National, Retail Brands Meet Challenges on Shelf

The aggressive expansion of private-label offerings by food retailers is putting pressure on branded manufacturers, although opportunities exist for collaboration in the form of partnerships and supply agreements, according to panelists on a webinar presented by consulting firm Willard Bishop here. Such can benefit the overall performance of individual categories, although it poses

BARRINGTON, ILL. — The aggressive expansion of private-label offerings by food retailers is putting pressure on branded manufacturers, although opportunities exist for collaboration in the form of partnerships and supply agreements, according to panelists on a webinar presented by consulting firm Willard Bishop here.

Such “co-opetition” can benefit the overall performance of individual categories, although it poses significant challenges, especially for manufacturers.

“I believe from a retailer's perspective, the retailer's primary goal is to offer things that meet the needs of customers, so the onus is really on the manufacturer to make sure his brand of product is relevant and attractive to the consumer,” said Nick Hahn, former director of corporate brands at Kroger Co., Cincinnati.

“[Manufacturers] need to think differently when they are approaching the retailer today,” agreed Andy Abraham, vice president of brand management and strategy, Supervalu, Minneapolis. “If you think about some value brands trying to compete with retailers on a value-tier equivalent, does it have a differentiating position, or will it simply be redundant on our shelves? I think in all those cases, in today's world of rationalization, the store brand will win out over the redundant national value-tier brand.”

Participants agreed that leading brands in categories that have private-label competition can continue to thrive — and even expand their share — as successful store brands weed out competitive items that lack a point of differentiation.

Dan Glei, senior vice president of grocery for Giant Food of Carlisle, Pa., said a “halo” can be generated by cooperation between retailers and suppliers on private brands.

“It's one of the only times [manufacturers] can sit in a room with a competitor and make a plan,” he said.

Opportunities do exist for collaboration, especially when private brands and national brands team up for specific promotions, some of the panelists agreed.

For example, Anthea Jones, senior vice president of store operations for Bi-Lo, Mauldin, S.C., described how a buy-one, get-one-free offer combining national brands and private label can build volume of both.

“There's an opportunity when you are launching a brand, to offer a buy one national-brand item, get the store-brand free,” he said. “That drives trial into the item you are trying to push and helps the national brand as well. We tried this and had a great deal of success, and did not erode the national brand.”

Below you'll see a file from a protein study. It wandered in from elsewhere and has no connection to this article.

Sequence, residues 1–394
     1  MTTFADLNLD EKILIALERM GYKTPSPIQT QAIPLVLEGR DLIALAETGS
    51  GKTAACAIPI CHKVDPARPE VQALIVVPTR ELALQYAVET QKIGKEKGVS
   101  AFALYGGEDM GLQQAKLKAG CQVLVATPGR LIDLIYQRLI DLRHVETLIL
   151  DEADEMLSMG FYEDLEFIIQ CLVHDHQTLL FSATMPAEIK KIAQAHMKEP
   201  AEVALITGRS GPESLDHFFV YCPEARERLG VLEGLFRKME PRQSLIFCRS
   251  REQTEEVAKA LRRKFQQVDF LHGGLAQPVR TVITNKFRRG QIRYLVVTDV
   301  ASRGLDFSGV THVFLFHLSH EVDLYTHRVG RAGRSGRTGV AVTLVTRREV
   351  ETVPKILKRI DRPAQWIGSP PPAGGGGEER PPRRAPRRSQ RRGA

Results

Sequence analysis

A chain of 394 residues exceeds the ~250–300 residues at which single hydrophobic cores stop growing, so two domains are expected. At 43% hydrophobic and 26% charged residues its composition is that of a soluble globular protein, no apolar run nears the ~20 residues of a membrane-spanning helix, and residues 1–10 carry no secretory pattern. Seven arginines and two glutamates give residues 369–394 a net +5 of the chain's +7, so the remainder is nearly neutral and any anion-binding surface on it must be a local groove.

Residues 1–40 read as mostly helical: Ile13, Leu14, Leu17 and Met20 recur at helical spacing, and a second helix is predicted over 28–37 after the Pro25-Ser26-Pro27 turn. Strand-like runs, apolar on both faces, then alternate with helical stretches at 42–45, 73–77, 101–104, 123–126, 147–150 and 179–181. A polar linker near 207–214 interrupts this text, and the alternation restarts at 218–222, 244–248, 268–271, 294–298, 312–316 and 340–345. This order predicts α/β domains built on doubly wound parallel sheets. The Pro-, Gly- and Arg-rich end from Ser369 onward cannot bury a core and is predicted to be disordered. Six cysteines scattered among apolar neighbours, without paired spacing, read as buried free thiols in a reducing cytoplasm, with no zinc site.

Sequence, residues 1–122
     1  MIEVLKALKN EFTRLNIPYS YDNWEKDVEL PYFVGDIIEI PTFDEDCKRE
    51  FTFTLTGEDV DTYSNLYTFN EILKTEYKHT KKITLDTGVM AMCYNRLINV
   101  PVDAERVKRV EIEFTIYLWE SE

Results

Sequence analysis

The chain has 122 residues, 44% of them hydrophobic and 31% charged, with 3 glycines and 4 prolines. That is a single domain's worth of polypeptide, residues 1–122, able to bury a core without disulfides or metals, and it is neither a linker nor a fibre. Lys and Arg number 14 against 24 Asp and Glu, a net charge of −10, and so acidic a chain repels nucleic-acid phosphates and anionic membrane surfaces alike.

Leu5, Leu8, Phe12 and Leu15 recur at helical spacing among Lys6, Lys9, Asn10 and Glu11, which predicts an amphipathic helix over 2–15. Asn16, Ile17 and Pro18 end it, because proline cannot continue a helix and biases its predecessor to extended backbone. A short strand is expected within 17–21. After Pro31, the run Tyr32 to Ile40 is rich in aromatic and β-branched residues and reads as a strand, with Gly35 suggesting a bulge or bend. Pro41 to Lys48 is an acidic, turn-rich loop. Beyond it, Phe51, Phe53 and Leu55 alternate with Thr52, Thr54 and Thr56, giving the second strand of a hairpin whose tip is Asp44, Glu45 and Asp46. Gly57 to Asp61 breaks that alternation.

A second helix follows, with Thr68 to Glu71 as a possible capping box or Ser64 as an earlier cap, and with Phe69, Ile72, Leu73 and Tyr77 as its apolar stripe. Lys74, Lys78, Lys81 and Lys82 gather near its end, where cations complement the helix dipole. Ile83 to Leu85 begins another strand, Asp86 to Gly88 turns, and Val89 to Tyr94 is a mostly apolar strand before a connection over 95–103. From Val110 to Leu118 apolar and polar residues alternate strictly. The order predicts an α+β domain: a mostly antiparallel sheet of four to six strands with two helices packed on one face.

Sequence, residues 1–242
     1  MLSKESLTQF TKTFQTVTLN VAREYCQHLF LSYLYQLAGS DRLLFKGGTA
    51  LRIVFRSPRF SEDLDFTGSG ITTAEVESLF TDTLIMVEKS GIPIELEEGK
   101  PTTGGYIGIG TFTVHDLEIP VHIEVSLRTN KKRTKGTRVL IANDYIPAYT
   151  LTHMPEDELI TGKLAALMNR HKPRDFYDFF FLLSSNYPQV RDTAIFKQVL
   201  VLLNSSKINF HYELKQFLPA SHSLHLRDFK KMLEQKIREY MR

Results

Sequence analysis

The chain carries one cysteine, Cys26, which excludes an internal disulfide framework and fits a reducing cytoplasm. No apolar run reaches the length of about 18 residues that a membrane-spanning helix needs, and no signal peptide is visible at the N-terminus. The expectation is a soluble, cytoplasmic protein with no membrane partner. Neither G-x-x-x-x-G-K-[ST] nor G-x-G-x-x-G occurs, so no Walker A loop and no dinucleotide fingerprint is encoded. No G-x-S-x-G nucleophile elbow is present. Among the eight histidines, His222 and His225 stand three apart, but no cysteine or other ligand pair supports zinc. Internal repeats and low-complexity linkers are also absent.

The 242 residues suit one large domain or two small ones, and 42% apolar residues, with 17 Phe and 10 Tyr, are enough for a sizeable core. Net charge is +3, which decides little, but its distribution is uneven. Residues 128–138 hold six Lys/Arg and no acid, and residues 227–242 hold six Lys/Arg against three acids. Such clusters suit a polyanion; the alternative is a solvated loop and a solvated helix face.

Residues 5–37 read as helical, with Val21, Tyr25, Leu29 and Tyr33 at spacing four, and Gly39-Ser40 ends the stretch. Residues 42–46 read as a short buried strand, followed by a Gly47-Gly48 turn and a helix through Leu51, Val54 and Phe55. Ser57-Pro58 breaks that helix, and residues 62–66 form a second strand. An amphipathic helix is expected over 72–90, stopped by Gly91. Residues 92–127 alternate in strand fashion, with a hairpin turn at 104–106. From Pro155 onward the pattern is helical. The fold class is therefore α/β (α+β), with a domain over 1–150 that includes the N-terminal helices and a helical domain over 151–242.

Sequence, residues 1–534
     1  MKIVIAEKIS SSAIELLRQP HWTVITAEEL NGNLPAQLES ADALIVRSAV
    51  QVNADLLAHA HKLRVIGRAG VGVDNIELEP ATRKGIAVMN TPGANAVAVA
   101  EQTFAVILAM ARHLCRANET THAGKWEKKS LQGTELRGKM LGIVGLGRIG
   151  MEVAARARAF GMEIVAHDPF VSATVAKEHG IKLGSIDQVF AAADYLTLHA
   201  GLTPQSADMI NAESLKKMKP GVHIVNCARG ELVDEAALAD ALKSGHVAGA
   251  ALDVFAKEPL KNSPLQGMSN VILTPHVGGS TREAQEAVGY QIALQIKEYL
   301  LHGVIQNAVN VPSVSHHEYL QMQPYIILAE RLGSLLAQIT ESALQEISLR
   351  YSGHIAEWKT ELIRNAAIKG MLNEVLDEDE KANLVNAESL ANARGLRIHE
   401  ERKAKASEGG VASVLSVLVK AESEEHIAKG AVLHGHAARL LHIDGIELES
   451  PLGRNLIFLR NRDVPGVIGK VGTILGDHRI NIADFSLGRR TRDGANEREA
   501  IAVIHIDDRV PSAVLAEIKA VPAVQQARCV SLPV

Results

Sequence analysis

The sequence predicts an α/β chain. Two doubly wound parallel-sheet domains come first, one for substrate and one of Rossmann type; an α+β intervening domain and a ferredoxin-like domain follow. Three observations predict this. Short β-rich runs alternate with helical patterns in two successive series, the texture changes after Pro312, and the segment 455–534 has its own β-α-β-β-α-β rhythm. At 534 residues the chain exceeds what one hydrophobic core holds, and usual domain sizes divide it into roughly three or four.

At Bi-Lo, he said, the two parties developed a calendar together for the promotion, which was incremental to other promotional partnerships.

Another example of retailers and manufacturers working together to promote both store-brand and national-brand products is through meal solutions.

Joe Landfair, vice president of sales for pasta supplier Barilla America, said his company participates in promotions like this, but noted that any such promotional collaboration must seek to enhance the category overall.

“At the end of the day, it has to be about driving the category,” he said. “If our brand succeeds and the category doesn't, it's not a good long-term solution.”

Suppliers on the panel pointed out that collaborating on production can be another area where retailers and suppliers can work together to help retailers develop their store brands, although it poses its own set of challenges.

Bill Sever, vice president and chief marketing officer for Sunstar America, a Chicago-based supplier of oral care products, said one of the challenges to packaging store-brand product for retailers is in realizing a return on the investment that suppliers might need to make to expand production capacity.

“Once you get past the top seven or eight retailers, efficiencies drop off dramatically, and if you have to customize products for lower-tier retailers, the efficiencies just aren't there,” he said.

Manufacturers also risk making a large investment in providing custom and then losing the business if the retailer decides to change suppliers for a certain store brand.

“You make a capital investment, then the next guy comes in with a better price, and you're gone,” he said.

Tom Ewing, director of national accounts, private label and international, for supplier T. Marzetti Co., said there needs to be a degree of commitment on both sides.

“When a branded company wants to get into private label, they have to want to do it from top to bottom,” he said. “You have to have a commitment because this is the retailer's brand, and you are talking to a buyer whose career rests on the success of the brands that they manage. The buyer needs you to be in it up to your elbows.”

Asked if there are “turf issues” within Supervalu between the store-brand team that is seeking shelf space and the category managers who are trying to maintain relationships with suppliers, Abraham said there were not.

“We act as if we are no different than any other CPG manufacturer,” he said. “We don't get granted distribution if we don't deserve it. We need to deliver the same margin enhancement or reason for being on the shelf as the brands do.”